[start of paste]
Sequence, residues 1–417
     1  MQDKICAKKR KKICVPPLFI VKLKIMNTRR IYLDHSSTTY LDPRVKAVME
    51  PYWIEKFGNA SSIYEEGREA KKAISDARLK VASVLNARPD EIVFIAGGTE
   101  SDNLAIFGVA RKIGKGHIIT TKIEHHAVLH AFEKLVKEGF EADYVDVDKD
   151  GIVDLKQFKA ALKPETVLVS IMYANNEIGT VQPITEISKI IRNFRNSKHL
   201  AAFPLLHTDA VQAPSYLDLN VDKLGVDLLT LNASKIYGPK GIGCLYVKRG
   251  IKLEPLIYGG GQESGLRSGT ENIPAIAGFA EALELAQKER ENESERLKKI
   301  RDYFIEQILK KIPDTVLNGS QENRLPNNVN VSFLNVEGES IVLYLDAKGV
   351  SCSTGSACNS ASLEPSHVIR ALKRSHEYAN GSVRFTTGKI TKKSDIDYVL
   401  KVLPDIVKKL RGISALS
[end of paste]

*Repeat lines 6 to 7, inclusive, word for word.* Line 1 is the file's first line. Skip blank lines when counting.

   201  AAFPLLHTDA VQAPSYLDLN VDKLGVDLLT LNASKIYGPK GIGCLYVKRG
   251  IKLEPLIYGG GQESGLRSGT ENIPAIAGFA EALELAQKER ENESERLKKI